The Cambridge Heath shaft Diaphragm Walls extend approximately 8.5 m below the base slab level and therefore a few meters into the Lambeth Group. Groundwater inflow was therefore expected to be low, but depressurisation passive relief wells were drilled during the early stages of shaft excavation to allow vertical drainage up into the excavation to also mitigate the effects of possible Sand Lenses with locally raised water pressures within the London Clay.
Diaphragm Wall Design
The Diaphragm Walls at Cambridge Heath Shaft resist lateral earth and hydrostatic pressures by means of ring compression.
The Diaphragm Walls extend below formation which is to provide sufficient toe to construct the base slab. This toe also prevents short term recharge of the water table under the base slab and provides dead load against heave and hydraulic uplift. The Diaphragm Walls are 1.5 m thick and there are 32 panels of around 3 m length with a precast reinforced concrete stop end installed between every insitu panel, which was a contractor’s proposal. The chief advantage of the precast stop end is it removes the need to remove a temporary steel stop end and reduces the size of the insitu panels reducing concrete volumes and cage sizes.
The final Diaphragm Wall panel layout agreed between Crossrail, the Contractor and the Designer provided for three starter panel locations spread evenly around the circumference of the shaft to ensure progress was not held up waiting for cast concrete to reach sufficient strength to excavate adjacent to.
Construction proceeded well however during the installation of Panel 28 (a standard ‘runner’ panel) when the excavation had reached a depth of around 28 m below ground level later defects were found with the reinforcement cage that could not be rectified at short notice. Since it was not possible to leave a panel excavation open longer than 48 hours as unplanned movements could occur even with the bentonite slurry occupying the excavation, the partly excavated panel had to be immediately backfilled with a weak bentonite cement, in accordance with the prepared activity plan for these eventualities. The panel was successfully constructed a few days later once the cage had been rectified.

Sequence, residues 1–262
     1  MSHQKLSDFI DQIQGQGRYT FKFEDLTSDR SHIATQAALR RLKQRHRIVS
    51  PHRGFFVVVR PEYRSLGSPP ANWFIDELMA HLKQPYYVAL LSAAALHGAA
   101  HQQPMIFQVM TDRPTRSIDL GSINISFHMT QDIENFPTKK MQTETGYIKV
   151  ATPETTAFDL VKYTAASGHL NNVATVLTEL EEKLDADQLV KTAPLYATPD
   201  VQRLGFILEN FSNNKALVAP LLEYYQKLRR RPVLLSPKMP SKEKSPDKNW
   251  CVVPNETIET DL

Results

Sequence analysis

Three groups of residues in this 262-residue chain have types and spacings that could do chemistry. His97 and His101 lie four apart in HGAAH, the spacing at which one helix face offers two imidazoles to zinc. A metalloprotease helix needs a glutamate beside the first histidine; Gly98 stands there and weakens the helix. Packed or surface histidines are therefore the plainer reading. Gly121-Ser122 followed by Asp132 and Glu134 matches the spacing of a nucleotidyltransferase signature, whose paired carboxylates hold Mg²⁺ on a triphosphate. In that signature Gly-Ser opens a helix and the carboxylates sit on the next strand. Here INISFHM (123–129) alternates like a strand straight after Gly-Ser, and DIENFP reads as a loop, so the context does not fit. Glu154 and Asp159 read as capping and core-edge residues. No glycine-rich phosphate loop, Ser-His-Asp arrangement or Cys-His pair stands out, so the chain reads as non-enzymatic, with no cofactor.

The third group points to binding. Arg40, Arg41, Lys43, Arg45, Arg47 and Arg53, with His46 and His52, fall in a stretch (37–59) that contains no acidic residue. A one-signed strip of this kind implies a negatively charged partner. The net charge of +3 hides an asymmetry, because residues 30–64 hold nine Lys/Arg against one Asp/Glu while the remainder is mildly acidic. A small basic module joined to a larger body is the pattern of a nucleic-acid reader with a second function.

Following completion of the Diaphragm Walls and Capping Beam excavation proceeded rapidly down to first ring beam level at a depth of around 21 m below ground level. At this point the excavation paused to construct the RC ring beam (a 2 m deep section of the liner wall built early to ensure stability during excavation) and the lowest part of the Diaphragm Walls excavated so far to date were cleaned down.
It was at this stage that Crossrail in conjunction with both C511 and C512 undertook a visual inspection of the Diaphragm Walls to record the as-built condition1 of each panel and identify any outstanding works and defects. This inspection revealed inclusions in two panels, Panel 22 and Panel 28.
Crossrail as client immediately brought all concerned parties together to ensure a collaborative ethos prevailed so the Project Team could focus on construction safety, programme and adequacy of the permanent works when considering the defects, rather attempting to apportion blame. This collaboration was also key to the later execution of the repairs where the two contractors needed to work closely together within the shaft without mutual delay.
The two inclusions were of differing appearance. The P28 inclusion comprised a dark grey material with some resemblance to London clay. It started at a depth of around 15 m below ground level and widened to a reasonably consistent width (measured in the circumference of the ring) of around 400 mm wide. Test drilling confirmed it was fairly soft and seemed to continue for the full 1.5 m thickness of the panel, so no concrete was present within it.